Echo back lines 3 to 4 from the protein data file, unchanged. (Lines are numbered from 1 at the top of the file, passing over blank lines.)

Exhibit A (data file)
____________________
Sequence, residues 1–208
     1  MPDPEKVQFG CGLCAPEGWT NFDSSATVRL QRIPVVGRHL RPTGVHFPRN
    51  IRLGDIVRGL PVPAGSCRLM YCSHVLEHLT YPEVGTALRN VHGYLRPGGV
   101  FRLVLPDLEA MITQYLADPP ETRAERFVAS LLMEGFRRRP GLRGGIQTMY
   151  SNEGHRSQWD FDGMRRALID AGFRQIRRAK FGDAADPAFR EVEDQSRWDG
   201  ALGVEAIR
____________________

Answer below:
    51  IRLGDIVRGL PVPAGSCRLM YCSHVLEHLT YPEVGTALRN VHGYLRPGGV
   101  FRLVLPDLEA MITQYLADPP ETRAERFVAS LLMEGFRRRP GLRGGIQTMY